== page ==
There is another reason to treat fever. Toddlers may experience brief convulsions – seizures — when their body temperature rises very fast. These so-called febrile seizures cause no harm to the brain itself, and often run in families, but fever treatment makes good sense for a child who has had them in the past.

We have two effective drugs to treat fever — acetaminophen (Tylenol) and ibuprofen (Motrin). Both work the same way: they reset the brain thermostat back down to a lower lever. Both only last a few of hours or so in their effect, which is why you will see your child’s fever go back up again when they wear off if there are still any of those fever-causing substances from the inflamed site still in the circulation.

Just what is wheezing, anyway?

February 1, 2011  |  General  |  No Comments

The traffic analysis of this blog tells me that wheezing — what causes it and what we do about it — is one of the most common search terms that bring people here. It’s a common problem, and I’ve written some about it before. The fact that so many people are searching for information about it tells me that doctors may not be doing a great job in explaining what it is. This post will tell you what a doctor means by the word.

“Wheezing” is one of those words which, when commonly used by non-physicians means one thing (noisy breathing), but which means something else when doctors use it. So, when a doctor tells you your child is wheezing, what is she telling you? To understand that you need to know a little about the anatomy of the lungs.

The lungs are made up of two main components: tiny air sacs (called aveoli), where the business of getting oxygen into the blood stream happens, and the pipes that conduct the air down to the air sacs. This system of pipes begins with the largest of them – the windpipe (called the trachea) – in the throat. It ends with the tiniest of them – called the bronchioles – which are just before the air sacs. Think of the system as an immense tree: the trunk, branches, and twigs are the pipes, and the leaves are the air sacs. Here is a picture.

Wheezing is the noise that happens when the small airways have something blocking them. The blockage most commonly comes from constriction of the airways, but sometimes it may be from debris, such as mucus, obstructing the passage. The sound of air flowing past these choke points in the small airways makes a whistling sound – that is a wheeze. Most of the time it is a sound heard when a child breathes out, not in, because it’s more difficult to get air out than in so that’s when the problem is obvious.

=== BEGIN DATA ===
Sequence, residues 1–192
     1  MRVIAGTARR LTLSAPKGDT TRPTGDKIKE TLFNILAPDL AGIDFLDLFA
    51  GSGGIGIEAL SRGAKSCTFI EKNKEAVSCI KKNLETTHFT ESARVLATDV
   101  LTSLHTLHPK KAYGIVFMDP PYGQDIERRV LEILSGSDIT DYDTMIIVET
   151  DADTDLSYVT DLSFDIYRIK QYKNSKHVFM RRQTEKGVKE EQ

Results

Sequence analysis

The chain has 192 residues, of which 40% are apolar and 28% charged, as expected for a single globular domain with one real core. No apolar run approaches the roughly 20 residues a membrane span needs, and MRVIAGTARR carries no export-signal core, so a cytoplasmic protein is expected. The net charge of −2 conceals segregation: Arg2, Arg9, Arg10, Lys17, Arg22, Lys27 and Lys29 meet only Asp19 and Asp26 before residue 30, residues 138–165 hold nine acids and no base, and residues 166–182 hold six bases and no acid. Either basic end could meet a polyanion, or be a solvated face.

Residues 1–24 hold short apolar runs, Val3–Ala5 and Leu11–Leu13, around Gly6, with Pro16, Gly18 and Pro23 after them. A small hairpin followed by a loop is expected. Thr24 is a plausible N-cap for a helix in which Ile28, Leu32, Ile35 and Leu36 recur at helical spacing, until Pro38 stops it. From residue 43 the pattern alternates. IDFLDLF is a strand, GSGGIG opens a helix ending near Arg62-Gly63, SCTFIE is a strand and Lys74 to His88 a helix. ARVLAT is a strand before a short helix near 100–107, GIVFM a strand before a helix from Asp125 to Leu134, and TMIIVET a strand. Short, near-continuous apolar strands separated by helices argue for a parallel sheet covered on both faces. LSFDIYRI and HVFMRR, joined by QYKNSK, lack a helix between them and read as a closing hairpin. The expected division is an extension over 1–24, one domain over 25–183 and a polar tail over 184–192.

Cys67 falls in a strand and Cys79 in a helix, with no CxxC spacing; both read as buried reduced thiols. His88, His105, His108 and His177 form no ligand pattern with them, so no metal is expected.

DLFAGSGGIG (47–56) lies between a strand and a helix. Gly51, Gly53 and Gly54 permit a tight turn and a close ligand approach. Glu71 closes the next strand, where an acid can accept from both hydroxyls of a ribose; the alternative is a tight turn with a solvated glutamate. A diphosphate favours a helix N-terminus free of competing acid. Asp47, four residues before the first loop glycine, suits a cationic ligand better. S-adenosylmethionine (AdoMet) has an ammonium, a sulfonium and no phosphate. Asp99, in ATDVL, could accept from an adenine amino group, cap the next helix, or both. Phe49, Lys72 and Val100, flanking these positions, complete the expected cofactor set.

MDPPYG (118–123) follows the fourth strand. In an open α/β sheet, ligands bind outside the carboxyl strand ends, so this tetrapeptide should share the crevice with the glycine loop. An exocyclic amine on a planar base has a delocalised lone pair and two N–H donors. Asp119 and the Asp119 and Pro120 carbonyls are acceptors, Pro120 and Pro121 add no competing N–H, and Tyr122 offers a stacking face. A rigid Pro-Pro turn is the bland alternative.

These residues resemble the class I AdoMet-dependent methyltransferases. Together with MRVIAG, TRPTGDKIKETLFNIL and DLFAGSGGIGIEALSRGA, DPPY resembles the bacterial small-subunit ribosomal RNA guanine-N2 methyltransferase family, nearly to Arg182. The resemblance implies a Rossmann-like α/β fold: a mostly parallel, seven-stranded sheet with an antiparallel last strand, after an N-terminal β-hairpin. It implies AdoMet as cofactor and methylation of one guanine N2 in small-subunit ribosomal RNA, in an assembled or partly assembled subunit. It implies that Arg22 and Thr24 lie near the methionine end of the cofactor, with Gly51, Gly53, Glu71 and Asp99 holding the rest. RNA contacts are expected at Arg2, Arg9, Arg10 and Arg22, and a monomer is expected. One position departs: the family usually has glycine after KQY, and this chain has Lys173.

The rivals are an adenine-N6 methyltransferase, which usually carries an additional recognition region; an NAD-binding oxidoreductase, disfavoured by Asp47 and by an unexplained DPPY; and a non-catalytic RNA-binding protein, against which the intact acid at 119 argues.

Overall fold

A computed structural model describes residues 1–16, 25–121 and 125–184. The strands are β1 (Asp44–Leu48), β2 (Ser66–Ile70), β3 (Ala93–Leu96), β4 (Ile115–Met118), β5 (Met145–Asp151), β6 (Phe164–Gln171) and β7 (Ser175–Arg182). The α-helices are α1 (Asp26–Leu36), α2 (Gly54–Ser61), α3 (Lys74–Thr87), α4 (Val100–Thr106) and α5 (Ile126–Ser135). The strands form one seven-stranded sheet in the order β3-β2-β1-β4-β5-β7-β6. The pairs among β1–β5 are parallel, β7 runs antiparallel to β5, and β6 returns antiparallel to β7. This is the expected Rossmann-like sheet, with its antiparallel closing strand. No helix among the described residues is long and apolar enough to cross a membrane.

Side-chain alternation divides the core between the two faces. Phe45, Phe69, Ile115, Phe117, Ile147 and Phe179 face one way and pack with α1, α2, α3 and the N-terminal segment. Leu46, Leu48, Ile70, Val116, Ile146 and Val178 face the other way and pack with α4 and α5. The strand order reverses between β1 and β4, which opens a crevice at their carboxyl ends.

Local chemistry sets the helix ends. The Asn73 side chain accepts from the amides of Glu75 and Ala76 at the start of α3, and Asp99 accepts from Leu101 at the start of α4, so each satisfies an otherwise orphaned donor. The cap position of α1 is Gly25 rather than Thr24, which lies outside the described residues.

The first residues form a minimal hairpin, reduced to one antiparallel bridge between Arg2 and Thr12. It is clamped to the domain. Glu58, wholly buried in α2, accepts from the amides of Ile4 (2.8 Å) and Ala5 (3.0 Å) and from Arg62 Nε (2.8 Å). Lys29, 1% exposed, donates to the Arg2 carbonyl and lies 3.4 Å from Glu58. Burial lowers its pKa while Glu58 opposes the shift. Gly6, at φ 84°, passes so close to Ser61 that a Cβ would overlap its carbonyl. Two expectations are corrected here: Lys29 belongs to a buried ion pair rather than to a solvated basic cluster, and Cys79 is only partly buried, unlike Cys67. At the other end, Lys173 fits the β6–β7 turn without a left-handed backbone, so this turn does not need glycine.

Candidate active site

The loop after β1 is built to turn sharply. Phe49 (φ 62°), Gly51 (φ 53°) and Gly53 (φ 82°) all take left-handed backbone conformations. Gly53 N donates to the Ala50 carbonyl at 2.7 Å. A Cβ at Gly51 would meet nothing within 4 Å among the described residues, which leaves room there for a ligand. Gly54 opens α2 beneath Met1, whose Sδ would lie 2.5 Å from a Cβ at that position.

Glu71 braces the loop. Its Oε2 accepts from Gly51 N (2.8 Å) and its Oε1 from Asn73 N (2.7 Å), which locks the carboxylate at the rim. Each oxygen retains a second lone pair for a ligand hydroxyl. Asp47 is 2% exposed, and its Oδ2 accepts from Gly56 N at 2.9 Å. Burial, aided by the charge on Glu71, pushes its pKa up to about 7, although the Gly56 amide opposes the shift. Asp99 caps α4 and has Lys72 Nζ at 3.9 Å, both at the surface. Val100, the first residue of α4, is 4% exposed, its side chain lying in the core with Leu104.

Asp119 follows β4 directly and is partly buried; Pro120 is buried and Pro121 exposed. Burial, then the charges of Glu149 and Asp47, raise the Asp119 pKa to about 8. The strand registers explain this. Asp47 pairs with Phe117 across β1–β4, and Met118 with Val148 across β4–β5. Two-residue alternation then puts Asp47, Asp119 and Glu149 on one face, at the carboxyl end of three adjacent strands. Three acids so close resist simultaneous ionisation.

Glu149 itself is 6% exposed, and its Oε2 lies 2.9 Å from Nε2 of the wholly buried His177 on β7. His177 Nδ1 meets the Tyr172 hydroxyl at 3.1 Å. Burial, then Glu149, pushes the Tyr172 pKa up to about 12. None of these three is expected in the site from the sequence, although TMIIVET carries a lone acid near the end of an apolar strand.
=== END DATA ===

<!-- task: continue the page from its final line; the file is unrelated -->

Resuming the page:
We can hear wheezes with a stethoscope, but sometimes they are so obvious we don’t need one. A more subtle sign of wheezing is when a child takes more time to get air out with each breath than he does to breathe air in.

How do we treat wheezing? Since the most common cause is constriction of the small airways, we typically give inhaled medications to reverse the constriction.

Bottom line: when a doctor uses the word wheeze, we aren’t just describing noisy breathing. We mean a specific thing that has a specific treatment.

Respiratory syncytial virus (RSV): here today, gone tomorrow

January 28, 2011  |  General  |  No Comments

I’ve written before (here, here, and here) about RSV, one of the most common causes of respiratory illness in infants and toddlers, and the most common cause of illness severe enough to land them in the hospital. It’s so common that virtually 100% of children have gotten the infection by the time they’re two years old. RSV generally causes an illness called bronchiolitis. In this post I’ll tell you about why it causes such sudden and explosive epidemics.

I’ve hardly seen any RSV yet this year. But all of us know it will come; generally we see a few cases, quickly followed by an explosion of cases. The way RSV behaves in the population is fascinating. It’s also utterly predictable, based upon what we know about the properties of the virus and our immune response to it.

The first thing to know is that RSV is highly contagious — one of the most contagious of all viruses. It’s spread by droplets of respiratory secretions, and it can survive for several hours at least on objects, such as shared toys or cookies. Its attack rate, the number of people who are susceptible to the infection and who get it if exposed — is well over 90%. So once cases appear, if there is a large population of people susceptible to it, we would predict a lot of infections.